Recommendation: To ensure that federal departments and agencies have comprehensive and up-to-date policies and stronger oversight mechanisms in place for managing hazardous biological agents in high-containment laboratories and are fully addressing weaknesses identified after laboratory safety lapses, the Administrator of EPA should review and update EPA's outdated policies for managing hazardous biological agents in high-containment laboratories and establish a regular schedule for reviewing and updating EPA and Office of Pesticide Programs policies.

    Agency: Environmental Protection Agency
    Status: Open

    Comments: In July 2016, EPA reported that the policies and procedures for both the facility that houses its microbiology laboratory and the laboratory itself are reviewed and updated on a bi-yearly or yearly basis consistent with the EPA schedules for biosafety and laboratory plans set in policy. However, EPA did not provide us with the policy that sets the EPA schedules. In addition, our analysis focused on policy documents issued by EPA or its senior-level offices, such as EPA's Safety, Health, and Environmental Management Program manual, dated November 2012. When we analyzed that policy for the report, we were unable to determine whether it was up-to-date because it did not include a review and update schedule or a specific recertification date. As of November, 2016, EPA maintains that this recommendation has been completed, because the office revised the standard operating procedure that provides guidance for establishing the receipt, expiration dates, and disposal of biological inventory used in the laboratory. As of April 2017, we have reached out to EPA for documentation of the actions the agency stated it has taken. Until received, we continue to believe that EPA action on this recommendation is still needed, such as by providing an updated EPA-level safety manual that includes a schedule for reviewing and updating, or providing EPA's schedule set in policy, so long as it also applies to agency- or senior office-level policies.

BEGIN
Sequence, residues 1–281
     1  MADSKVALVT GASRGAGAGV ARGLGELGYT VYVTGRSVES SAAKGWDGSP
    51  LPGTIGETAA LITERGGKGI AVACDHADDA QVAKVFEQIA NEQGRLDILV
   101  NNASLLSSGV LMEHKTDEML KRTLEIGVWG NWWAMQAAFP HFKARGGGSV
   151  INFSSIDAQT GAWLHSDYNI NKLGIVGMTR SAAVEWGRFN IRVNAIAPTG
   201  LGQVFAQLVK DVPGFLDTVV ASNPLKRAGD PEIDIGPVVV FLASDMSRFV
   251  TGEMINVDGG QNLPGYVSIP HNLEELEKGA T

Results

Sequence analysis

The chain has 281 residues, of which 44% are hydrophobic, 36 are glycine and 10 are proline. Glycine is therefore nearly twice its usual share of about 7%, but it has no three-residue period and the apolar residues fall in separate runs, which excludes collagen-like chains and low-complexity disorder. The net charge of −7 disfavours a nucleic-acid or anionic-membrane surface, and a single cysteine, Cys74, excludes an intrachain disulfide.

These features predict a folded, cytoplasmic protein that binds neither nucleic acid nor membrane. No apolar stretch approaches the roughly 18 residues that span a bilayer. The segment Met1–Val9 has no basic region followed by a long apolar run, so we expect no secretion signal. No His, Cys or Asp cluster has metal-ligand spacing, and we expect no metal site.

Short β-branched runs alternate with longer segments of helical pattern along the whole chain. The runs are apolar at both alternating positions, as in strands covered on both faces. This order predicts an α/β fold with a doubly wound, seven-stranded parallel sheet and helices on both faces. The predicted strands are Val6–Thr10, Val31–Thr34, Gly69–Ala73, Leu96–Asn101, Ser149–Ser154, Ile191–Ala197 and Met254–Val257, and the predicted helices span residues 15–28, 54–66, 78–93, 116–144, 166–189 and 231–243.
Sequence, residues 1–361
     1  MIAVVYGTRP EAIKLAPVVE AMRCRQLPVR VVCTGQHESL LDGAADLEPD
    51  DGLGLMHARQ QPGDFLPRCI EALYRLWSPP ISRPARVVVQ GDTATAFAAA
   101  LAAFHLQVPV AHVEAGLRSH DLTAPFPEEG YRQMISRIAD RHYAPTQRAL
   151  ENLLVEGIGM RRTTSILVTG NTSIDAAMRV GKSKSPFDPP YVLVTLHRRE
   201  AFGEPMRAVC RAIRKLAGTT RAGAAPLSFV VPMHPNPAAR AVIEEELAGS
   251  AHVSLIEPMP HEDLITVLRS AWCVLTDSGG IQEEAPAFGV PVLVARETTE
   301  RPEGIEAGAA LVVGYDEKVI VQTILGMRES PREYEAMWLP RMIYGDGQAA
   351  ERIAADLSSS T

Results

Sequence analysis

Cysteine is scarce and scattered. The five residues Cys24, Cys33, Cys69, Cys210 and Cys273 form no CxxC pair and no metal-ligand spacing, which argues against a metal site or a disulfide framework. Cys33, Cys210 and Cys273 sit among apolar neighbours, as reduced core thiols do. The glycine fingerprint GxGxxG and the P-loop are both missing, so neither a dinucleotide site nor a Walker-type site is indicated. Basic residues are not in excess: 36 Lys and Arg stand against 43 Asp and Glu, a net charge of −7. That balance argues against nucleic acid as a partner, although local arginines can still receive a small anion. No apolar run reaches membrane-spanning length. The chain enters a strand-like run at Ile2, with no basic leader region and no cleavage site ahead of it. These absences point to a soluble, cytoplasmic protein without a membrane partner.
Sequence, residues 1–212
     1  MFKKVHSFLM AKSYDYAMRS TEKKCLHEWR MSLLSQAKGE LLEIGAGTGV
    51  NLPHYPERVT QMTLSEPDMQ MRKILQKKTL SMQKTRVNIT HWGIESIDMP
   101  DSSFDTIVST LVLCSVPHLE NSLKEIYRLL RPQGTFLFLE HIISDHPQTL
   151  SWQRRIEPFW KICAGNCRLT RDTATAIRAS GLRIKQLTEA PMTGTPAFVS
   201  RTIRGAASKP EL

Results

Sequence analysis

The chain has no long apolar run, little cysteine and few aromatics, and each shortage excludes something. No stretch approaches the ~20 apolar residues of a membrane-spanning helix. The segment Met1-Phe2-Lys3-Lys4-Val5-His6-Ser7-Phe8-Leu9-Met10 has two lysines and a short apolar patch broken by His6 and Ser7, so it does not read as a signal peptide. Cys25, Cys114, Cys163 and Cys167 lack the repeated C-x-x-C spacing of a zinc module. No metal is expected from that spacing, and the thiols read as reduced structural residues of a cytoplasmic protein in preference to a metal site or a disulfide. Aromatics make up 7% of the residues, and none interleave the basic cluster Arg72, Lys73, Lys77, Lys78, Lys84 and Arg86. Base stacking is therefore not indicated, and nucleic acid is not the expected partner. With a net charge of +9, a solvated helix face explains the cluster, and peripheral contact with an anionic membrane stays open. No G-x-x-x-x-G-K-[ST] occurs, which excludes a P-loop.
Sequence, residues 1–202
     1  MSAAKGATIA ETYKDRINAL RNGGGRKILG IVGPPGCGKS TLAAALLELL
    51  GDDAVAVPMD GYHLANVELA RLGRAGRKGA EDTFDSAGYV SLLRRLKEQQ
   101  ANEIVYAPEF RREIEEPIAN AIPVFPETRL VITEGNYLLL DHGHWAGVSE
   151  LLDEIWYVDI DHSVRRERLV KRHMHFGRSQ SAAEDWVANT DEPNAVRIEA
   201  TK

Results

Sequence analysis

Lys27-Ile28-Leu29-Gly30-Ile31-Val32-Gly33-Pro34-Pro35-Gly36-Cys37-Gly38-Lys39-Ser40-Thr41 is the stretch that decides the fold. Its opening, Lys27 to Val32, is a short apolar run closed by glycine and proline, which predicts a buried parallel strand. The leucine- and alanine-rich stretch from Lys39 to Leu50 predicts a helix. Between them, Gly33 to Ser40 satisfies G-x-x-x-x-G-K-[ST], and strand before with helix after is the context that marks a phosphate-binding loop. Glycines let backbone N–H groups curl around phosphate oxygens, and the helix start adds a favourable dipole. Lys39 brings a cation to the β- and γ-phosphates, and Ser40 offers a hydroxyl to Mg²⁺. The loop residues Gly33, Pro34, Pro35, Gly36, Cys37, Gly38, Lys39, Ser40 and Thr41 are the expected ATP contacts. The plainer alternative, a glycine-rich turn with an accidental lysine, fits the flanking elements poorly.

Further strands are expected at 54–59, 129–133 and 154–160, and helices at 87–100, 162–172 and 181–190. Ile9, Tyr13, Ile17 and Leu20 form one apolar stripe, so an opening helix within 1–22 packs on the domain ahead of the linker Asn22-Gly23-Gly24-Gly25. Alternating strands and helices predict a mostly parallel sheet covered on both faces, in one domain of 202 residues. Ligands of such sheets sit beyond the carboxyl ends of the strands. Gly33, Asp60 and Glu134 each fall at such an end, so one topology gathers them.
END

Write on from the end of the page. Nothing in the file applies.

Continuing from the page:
Recommendation: To ensure that federal departments and agencies have comprehensive and up-to-date policies and stronger oversight mechanisms in place for managing hazardous biological agents in high-containment laboratories and are fully addressing weaknesses identified after laboratory safety lapses, the Administrator of EPA should require routine reporting of the results of department, agency, and select agent laboratory inspections to senior department officials.

    Agency: Environmental Protection Agency
    Status: Open

    Comments: EPA agreed with this recommendation in its February 2016 comments on the draft report. ?In July 2016, EPA reported that its high-containment laboratory will notify senior officials within 3 weeks of any laboratory inspection findings. ?This is a positive step. We are waiting for EPA to provide us with supporting documentation.
    Recommendation: To ensure that federal departments and agencies have comprehensive and up-to-date policies and stronger oversight mechanisms in place for managing hazardous biological agents in high-containment laboratories and are fully addressing weaknesses identified after laboratory safety lapses, the Secretary of Health and Human Services should develop department policies for managing hazardous biological agents in high-containment laboratories that contain specific requirements for reporting laboratory incidents to senior department officials, including the types of incidents that should be reported, to whom, and when, or direct the Director of CDC and the Commissioner of FDA to incorporate these requirements into their respective policies.

    Agency: Department of Health and Human Services
    Status: Open

    Comments: In August 2016, HHS reported that both CDC and FDA were working to incorporate incident reporting requirements and time frames into formal agency policies and practices but did not provide an anticipated completion date. In summer 2017, CDC and FDA reported that they were continuing to incorporate incident reporting, which includes all laboratory incidents, accidents, injuries, infections, and near-misses, into formal agency policies. CDC did not provide an anticipated completion date. FDA anticipated completing the policy revisions/updates by summer 2018.
    Recommendation: To ensure that federal departments and agencies have comprehensive and up-to-date policies and stronger oversight mechanisms in place for managing hazardous biological agents in high-containment laboratories and are fully addressing weaknesses identified after laboratory safety lapses, the Secretary of Health and Human Services should develop department policies for managing hazardous biological agents in high-containment laboratories that contain specific requirements for training and inspections for all high-containment component agency laboratories and not just for their select-agent-registered laboratories; or direct the Director of CDC to provide these requirements in agency policies.

    Agency: Department of Health and Human Services
    Status: Open